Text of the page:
3 Reasons to Self-Publish With Agora Publishing Halifax, Nova Scotia
Are you an author in Halifax, Nova Scotia hoping to have your manuscript about the island’s way of life or your special thoughts and expertise published? Are you stuck and disappointed that conventional publishers and book distributors won’t take you on? Or are you looking to fast track you publishing process? If the answer is yes to any of the above questions, then visit Agora Books—the non-profit organization domiciled Canada. Agora Publishing Halifax, Nova Scotia had been providing authors with a professional self-publishing avenue since 1997. They are open to scholars, undergraduates and any experts who want to share what they know.
Writing has often been the preserve of a selected few and many would-be authors have simply given up on the way. The few that have completed their manuscripts know the nightmare it is to have it published by traditional publishing houses—previously the only way to achieve publishing success. Print-on-demand publishing houses like AgoraPublishing.com has changed all this and everyone can now be successful like Amanda Hocking—the successful self-published author of the Kanin chronicles. So dust up your manuscript and prepare to publish.
Here are three main advantages for -publishing with Agora Publishing currently:
Authors Retain Total Control
Conventional publishing houses work via cautiously picking out who best fits their publishing plans at the time. The process begins by accepting manuscripts from their current contracted authors or soliciting manuscripts from new authors. Thereafter they begin the slow process of filtering through the manuscripts, to end up with the chosen few to work with. This, by itself, can take months and result in restless days for authors. Many authors lose patience, as result, or fail to make-the-cut and simply give up writing all together. A few resilient ones try out the next publishers and wait perpetually for their responses.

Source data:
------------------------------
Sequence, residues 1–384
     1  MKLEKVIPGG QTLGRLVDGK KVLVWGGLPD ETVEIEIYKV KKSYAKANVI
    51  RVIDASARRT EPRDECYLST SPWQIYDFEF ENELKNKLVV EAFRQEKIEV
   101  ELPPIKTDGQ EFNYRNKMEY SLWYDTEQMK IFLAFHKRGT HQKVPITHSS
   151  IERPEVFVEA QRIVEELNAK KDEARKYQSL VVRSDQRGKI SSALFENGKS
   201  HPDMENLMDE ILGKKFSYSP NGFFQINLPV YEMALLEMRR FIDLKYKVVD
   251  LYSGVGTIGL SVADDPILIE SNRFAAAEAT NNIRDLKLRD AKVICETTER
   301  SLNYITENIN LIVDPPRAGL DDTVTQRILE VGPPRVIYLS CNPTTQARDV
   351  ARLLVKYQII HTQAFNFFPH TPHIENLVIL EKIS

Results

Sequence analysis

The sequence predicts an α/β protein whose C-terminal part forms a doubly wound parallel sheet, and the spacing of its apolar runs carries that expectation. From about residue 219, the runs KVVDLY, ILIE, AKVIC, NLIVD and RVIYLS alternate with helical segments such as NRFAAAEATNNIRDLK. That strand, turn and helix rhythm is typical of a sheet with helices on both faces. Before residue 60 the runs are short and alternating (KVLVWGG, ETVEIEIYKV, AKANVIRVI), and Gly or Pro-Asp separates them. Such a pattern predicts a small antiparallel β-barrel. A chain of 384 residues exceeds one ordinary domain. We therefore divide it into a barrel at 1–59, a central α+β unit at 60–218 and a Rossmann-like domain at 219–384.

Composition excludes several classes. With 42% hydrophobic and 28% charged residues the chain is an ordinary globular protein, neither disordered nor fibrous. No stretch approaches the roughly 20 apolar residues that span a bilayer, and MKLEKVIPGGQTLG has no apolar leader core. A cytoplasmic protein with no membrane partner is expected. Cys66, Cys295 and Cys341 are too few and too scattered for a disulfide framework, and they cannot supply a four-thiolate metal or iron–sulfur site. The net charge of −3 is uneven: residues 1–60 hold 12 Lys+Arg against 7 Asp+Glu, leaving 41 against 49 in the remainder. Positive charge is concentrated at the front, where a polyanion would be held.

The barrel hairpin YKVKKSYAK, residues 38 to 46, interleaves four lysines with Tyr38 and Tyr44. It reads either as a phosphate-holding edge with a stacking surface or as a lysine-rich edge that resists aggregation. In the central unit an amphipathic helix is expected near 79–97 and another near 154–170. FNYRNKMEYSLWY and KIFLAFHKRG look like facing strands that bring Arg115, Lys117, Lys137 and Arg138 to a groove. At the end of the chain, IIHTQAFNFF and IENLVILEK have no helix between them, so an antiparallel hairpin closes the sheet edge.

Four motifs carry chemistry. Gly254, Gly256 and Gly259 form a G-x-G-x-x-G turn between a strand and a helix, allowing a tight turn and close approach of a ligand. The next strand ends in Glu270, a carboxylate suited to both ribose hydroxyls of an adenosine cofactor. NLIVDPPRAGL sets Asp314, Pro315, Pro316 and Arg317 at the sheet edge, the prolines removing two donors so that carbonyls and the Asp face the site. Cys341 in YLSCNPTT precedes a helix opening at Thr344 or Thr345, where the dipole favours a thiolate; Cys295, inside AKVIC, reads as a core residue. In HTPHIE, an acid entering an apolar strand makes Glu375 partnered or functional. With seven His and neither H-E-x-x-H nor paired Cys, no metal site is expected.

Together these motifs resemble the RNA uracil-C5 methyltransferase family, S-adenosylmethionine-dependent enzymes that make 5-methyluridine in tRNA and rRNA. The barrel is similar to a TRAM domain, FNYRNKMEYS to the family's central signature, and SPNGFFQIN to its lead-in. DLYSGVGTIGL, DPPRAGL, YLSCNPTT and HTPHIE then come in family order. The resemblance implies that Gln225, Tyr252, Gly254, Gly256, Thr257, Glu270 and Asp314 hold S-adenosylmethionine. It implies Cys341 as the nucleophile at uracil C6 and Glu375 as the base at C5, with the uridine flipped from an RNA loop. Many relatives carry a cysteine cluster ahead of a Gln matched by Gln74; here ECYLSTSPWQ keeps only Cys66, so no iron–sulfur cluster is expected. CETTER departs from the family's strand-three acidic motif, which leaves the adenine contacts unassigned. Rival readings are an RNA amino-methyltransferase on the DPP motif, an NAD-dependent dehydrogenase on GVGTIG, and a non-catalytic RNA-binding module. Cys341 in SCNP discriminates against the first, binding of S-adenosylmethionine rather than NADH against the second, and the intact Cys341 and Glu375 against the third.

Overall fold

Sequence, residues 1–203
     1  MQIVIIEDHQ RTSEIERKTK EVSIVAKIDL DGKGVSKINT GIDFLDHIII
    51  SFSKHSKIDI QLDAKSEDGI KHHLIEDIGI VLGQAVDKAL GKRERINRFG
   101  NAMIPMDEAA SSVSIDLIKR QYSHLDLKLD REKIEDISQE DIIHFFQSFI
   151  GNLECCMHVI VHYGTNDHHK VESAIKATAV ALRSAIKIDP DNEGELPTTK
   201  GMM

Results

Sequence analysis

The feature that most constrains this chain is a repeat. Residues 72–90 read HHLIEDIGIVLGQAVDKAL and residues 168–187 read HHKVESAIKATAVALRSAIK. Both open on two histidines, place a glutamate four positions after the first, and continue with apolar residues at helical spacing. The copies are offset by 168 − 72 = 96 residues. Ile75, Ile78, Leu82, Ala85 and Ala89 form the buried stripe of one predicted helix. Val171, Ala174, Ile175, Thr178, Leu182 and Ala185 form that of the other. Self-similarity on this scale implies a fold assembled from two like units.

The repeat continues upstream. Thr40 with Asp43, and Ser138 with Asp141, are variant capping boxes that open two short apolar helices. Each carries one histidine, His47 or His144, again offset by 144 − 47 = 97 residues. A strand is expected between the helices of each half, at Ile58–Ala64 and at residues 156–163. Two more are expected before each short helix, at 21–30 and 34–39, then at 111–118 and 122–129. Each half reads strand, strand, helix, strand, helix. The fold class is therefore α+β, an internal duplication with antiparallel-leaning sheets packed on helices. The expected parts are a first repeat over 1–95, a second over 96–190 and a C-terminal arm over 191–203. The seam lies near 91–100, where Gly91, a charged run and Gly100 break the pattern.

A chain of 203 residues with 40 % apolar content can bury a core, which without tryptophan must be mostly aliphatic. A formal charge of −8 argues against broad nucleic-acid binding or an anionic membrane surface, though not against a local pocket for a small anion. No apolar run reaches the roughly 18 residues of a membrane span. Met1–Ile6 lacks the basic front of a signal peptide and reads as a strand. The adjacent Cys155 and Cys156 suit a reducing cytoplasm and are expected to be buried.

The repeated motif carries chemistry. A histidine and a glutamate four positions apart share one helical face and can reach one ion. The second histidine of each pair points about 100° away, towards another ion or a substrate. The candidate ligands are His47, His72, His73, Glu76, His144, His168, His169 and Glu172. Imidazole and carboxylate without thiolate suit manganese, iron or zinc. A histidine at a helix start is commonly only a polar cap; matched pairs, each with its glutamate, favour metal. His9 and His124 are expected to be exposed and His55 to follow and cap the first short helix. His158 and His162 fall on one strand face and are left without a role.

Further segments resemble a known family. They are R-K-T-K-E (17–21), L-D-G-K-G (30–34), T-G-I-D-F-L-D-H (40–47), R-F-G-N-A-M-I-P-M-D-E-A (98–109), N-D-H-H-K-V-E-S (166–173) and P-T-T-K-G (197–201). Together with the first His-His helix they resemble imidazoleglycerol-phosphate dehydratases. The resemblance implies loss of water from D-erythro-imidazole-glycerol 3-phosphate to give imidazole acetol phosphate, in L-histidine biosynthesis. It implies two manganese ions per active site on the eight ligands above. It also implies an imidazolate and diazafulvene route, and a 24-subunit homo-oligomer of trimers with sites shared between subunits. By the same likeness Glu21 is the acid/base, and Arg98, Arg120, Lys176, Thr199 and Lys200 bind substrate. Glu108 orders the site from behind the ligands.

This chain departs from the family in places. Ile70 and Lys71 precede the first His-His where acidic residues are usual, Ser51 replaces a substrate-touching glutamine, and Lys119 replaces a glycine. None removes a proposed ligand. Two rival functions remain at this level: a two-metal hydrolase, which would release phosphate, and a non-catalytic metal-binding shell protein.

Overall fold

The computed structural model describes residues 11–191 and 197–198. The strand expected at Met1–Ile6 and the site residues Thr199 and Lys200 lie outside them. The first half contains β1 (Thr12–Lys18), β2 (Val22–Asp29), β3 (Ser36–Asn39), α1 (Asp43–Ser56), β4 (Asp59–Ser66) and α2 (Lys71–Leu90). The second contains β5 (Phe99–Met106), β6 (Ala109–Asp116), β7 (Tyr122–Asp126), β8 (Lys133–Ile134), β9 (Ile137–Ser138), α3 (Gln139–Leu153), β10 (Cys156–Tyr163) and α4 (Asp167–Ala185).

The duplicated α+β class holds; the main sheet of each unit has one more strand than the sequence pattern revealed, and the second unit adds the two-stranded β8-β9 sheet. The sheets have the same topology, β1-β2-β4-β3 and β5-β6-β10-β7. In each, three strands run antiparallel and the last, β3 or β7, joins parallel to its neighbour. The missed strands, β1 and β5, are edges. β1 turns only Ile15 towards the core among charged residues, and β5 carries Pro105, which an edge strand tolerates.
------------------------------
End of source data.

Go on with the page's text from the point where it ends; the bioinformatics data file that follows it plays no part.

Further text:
The few that get traditional publishing contracts have to give up their publishing rights and that includes deciding when the work will be published. With self-publishing, the author retains all the publishing rights and that means they control their work’s content, design, publishing date, distribution channels etc.
Some pundits will argue that authors are simply not expert book designers and have little business sense when it comes to publishing. They argue that the quality of the book is the single biggest advantage that traditional publishers have. Well, not anymore. Self-publishers currently approach publishing with more professionalism. A lot of this is attributed to better print-on-demand platforms, like AgoraPublishing.com, and also the fact that self-publishers can now hire professional designers, editors and marketers who work much faster and are cheaper than traditional publishing professionals.
Speedy to set-up
Agora’s Self-publishing involves joining an online publishing platform that takes authors through the publishing process—while seated in the comfort of their homes. Authors can rapidly choose the structure of their book’s cover design, sales and distribution channels in a few clicks of their computer mouse. This can take from 5 minutes or as long as the authors deems fit. Traditional publishers, on the other hand, takes writers through an exceptionally thorough procedure of manuscript selection, contracting, content alteration, structuring, designing, final publication and then distribution. This can be very costly in terms of finances and the time it takes for the whole process to be completed. Clearly, this approach guarantees quality material but it defers the books’ sales and also stretches the breakeven-point for the publishing house and by extension the authors’ royalties. At this juncture it is important to keep in mind that self-publishers can now match or even surpass the quality of traditionally published books in a shorter time frame.
Agora’s self-publishing is a big gift to authors with regards to outreach. Since the writer holds all the rights, they dictate their books distribution channels (sound, paper back, digital book), publishing date, and pricing. This helps them determines how far the book goes—in terms of global outreach. Conventional publishers, on their part, won't be so quick to nit-pick every one of the options above. They just don't have the energy for web-based life and followers and so on. They have different revenue sources on their slates that will keep them occupied for a long time. However, when it comes to the sharing of profits and royalties, their authors often end up with the smaller chunk of it.